Modern OpenGL relies heavily on GLSL shaders. They are needed for pretty much everything you draw. To ease the handling of shaders I’ve decided publish my shader-collection (well, part of it, for now) on github. The shaders are sorted by GLSL version (currently: version 1.5, webgl 1.0) and “purpose”. Their implementation is focused on readability, not speed. Hence, they can be optimized quite heavily and be combined as well. Anyway, here’s the link:
More generally speaking it does dynamic thin-film interference of hollow convex two-sided objects in a deferred rendering configuration. In two passes front and back are rendered and the ray is traced through the object. To give you a better idea I screen-captured my demo-program and uploaded it:
As before all physical parameters of the shader can be changed at runtime (as seen in the above video). Bear in mind, that the program uses OpenGL 3.2 core and runs on my late iMac 2011 – it uses a Radeon 6960M, a mobile GPU.
My GLSL spectral rendering shader (here & here) is now able to do some (environmental) bump-mapping. It does physical wavelength-based thinfilm interference with sampled SPD‘s on the GPU in realtime. All parameters are adjustable at runtime. I’ve implemented five distinct “film-setups” that have different ways to interpret/change film thickness and normals of film and object surface. The setups are outlined in this sketch:
Here’s a textual description:
A simple film with constant thickness covers the object.
The surface of the object is “bumped” and the film has a constant thickness.
Both object and film use regular normals, but the thickness of the film varies. This is fake but looks nice:D.
The object remains unchanged while the film (thickness + normal) is bumped. Basically 3, but correct.
The object is bumped and the thickness is modulated such that the film’s surface is “flat”(like setup 1). The inverse scenario of 4.
Finally some screenshots from the same angle and same film settings: refraction index=1.09, tilm-thickness:550-1170nm, CIE D65 light, silver material. The matte utah teapot is shown on the left, the shiny teapot on the right:
(Click on image to enlarge)
I hope to be able to record a demo video soon (~ this week). While going through the sourcecode I also noticed that there’s no dispersion as the refraction index is const. This should be easily adjustable, I just need some data.
Also, while the uffizi gallery is nice I’d like to try out some other cubemaps (m.be. from Humus) and some other models. Maybe a wobbling soapbubble?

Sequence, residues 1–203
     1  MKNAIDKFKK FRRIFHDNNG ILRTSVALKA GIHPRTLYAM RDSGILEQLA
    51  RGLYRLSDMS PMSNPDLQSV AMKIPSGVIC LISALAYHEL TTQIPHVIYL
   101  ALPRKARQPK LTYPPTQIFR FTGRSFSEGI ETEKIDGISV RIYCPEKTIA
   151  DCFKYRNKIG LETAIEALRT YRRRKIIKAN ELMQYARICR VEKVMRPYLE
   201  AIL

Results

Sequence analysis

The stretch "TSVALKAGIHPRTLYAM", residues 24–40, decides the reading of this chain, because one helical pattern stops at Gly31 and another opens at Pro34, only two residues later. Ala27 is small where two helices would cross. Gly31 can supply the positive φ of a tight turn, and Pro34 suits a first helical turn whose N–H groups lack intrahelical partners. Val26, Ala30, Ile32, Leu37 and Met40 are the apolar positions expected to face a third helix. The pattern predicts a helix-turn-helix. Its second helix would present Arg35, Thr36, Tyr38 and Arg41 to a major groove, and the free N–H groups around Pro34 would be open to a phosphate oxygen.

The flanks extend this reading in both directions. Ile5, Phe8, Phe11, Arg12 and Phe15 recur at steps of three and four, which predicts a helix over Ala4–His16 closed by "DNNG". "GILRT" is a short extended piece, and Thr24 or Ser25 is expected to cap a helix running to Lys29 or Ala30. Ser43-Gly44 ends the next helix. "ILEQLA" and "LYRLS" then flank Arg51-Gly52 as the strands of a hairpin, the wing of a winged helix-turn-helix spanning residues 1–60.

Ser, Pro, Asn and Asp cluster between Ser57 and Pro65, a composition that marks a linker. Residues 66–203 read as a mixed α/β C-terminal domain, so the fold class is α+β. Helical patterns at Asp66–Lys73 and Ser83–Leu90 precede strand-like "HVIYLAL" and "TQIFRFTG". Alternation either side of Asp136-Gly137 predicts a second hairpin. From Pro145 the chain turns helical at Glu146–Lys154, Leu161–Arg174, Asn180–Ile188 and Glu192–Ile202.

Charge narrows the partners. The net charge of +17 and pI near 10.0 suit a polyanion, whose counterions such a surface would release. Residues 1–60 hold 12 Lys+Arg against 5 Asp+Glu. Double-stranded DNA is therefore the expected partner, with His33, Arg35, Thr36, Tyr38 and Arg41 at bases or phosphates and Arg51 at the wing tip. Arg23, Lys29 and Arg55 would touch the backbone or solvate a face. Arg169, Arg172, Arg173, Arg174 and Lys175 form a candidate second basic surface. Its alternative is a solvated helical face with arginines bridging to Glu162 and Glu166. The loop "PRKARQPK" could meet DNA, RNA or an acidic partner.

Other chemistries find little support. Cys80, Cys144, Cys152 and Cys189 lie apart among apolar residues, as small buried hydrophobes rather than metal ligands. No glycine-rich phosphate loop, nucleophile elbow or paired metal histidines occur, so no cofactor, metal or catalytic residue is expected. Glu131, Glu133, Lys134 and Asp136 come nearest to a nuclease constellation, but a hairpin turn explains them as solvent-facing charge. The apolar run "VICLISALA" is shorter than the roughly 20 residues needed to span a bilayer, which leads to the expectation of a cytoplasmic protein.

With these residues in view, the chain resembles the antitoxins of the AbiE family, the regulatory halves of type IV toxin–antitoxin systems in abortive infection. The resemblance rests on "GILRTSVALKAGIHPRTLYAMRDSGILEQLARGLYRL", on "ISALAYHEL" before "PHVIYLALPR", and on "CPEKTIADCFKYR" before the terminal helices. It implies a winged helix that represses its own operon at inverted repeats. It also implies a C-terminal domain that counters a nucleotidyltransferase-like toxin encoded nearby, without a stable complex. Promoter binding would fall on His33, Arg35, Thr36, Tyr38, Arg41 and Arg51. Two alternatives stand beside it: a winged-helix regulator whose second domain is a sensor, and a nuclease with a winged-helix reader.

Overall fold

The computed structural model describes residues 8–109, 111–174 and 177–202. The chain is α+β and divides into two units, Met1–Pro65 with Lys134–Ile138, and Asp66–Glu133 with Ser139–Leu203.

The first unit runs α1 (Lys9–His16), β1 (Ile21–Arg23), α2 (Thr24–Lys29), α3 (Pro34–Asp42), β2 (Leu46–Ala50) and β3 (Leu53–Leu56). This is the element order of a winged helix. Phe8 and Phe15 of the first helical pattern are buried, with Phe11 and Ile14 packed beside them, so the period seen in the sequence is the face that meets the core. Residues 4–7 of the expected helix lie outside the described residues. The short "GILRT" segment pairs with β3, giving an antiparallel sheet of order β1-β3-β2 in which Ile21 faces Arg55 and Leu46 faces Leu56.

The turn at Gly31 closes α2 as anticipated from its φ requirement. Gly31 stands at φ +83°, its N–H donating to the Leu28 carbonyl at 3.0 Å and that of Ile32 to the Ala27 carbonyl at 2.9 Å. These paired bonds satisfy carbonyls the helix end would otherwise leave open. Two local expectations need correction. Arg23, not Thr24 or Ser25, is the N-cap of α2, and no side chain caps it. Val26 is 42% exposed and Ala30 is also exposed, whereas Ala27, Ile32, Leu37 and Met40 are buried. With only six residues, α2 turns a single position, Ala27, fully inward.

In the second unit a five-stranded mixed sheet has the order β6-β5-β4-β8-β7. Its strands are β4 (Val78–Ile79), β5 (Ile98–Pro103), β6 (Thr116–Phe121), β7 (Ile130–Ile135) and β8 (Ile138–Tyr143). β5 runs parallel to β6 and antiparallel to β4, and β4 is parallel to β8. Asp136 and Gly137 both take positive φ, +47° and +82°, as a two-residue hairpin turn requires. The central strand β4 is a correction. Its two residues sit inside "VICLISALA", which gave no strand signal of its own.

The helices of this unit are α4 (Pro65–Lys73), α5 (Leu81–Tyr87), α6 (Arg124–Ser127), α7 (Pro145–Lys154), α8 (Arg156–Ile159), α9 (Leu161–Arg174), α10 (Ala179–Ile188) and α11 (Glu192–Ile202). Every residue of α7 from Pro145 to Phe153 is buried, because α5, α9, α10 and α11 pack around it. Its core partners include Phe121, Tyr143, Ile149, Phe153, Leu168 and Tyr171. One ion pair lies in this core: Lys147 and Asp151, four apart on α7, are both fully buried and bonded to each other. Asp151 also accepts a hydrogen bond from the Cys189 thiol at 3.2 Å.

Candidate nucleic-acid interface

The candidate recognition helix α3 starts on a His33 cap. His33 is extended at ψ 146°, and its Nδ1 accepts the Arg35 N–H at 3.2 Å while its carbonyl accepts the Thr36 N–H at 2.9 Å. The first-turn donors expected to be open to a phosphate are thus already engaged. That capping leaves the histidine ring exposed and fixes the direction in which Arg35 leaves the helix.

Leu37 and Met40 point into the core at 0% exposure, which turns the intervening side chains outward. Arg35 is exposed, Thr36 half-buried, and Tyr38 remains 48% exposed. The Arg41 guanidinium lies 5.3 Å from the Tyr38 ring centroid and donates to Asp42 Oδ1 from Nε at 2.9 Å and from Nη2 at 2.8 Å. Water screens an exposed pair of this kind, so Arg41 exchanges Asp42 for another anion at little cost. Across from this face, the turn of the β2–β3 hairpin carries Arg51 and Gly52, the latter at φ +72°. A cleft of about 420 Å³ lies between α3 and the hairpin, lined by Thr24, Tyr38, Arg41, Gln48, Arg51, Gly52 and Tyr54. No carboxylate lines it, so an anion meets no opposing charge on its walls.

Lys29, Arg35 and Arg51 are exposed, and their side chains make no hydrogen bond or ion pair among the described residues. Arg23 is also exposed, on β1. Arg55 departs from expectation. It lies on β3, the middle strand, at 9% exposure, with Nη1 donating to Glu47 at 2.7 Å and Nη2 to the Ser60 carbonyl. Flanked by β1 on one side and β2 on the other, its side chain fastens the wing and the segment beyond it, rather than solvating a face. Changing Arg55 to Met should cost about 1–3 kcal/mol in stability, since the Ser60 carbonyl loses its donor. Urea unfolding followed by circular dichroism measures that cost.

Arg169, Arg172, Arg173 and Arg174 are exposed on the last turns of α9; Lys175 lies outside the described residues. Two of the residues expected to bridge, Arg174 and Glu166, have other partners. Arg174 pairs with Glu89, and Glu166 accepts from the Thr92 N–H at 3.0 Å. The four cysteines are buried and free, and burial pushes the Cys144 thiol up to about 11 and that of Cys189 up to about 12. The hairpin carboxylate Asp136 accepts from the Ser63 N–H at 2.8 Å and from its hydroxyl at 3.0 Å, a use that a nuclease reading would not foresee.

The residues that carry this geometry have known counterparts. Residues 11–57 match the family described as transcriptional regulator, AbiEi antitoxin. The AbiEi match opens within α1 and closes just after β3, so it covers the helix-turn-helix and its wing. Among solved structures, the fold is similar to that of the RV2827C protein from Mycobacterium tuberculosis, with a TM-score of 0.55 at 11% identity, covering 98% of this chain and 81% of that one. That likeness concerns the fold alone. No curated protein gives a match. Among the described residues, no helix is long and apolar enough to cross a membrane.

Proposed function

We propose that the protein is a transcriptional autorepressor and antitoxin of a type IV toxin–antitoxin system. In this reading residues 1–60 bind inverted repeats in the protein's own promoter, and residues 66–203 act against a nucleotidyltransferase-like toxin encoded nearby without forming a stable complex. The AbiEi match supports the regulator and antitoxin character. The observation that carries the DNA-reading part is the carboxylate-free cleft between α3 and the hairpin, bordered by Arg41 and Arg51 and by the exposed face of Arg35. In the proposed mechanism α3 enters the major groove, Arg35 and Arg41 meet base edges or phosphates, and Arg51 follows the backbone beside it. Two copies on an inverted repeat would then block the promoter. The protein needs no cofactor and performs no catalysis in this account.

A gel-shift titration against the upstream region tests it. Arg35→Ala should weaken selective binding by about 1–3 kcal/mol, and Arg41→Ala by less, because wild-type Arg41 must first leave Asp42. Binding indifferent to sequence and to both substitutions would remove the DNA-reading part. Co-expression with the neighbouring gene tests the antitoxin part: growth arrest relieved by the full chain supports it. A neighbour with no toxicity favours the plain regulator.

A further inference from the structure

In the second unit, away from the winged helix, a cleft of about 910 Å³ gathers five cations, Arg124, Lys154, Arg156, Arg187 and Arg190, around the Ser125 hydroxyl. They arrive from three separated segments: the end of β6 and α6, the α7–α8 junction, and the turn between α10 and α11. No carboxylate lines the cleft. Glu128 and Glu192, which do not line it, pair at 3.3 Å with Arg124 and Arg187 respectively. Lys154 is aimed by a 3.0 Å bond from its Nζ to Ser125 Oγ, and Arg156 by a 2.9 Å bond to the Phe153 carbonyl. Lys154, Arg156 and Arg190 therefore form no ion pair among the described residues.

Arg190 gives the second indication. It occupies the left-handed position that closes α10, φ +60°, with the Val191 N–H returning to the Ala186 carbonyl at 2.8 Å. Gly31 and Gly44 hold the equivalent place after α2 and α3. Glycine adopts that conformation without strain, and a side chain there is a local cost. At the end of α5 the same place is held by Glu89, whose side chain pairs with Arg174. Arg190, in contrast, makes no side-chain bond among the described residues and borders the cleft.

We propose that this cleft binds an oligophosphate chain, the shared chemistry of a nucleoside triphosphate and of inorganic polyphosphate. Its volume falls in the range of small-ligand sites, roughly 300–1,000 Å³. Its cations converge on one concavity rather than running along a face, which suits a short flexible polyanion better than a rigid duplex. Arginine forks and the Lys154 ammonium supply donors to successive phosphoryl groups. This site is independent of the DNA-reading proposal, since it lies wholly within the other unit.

I managed to successfully port some cg shaders over to glsl, gave them a spring-cleaning and integrated them into an OpenGL 3.2 core renderer (yeah, OS X 10.8 if you have to ask – bummer). It is kinda “the real deal”: thinfilm interference evaluated per lambda with interactive refraction indices, light + material spectral power distributions and thickness. I might have more results soon, so far these images below have to do:
Besides I still have other work todo, writing down my ph.d thesis…
As I was working with libSOIL (https://github.com/smibarber/libSOIL for a mac makefile) an exception occured and I couldn’t load anything. Turns out, libSOIL is not OpenGL 3.2 core compatible. Main reason for this is the beautiful safety-net which I encountered in the function
A GPU-based approach for scientific illustrations
Scientific illustrations are used for centuries in several scientific domains to communicate an abstract theory and are still created manually. In this article we present a GPU-based illustration pipeline with which such illustrations can be created and rendered in an interactive process. This is achieved by combining current non-photorealistic-rendering algorithms with a manual abstraction mechanism and a layer-system to combine multiple techniques. The pipeline can be executed completely on the GPU.
@ 15. Anwendungsbezogener Workshop zur Erfassung, Modellierung, Verarbeitung und Auswertung von 3D-Daten, Berlin (2012) 3DNordOst2012.bib
Interactive generation of (paleontological) scientific illustrations from 3D-models
Scientific illustrations play an important role in the paleontological domain and are complex illustrations that are manually drawn. The artist creates illustrations that feature common expressive painting techniques: outlines, both irregular and periodic stippling as well as an abstract shaded surface in the background. We present a semi- automatic tool to generate these illustrations from 3D-models in real-time. It is based on an extensible GPU-based pipeline to interactively render characteristic into image-layers that are combined in an image-editing fashion. The user can choose the techniques used to render each layer and manipulate its key aspects. Using 3D- and 2D-painting the artist can still interact with the result and adjust it to his or her liking.
@ XXII Congreso Español de Informática Gráfica, Jaén CEIG2012.bib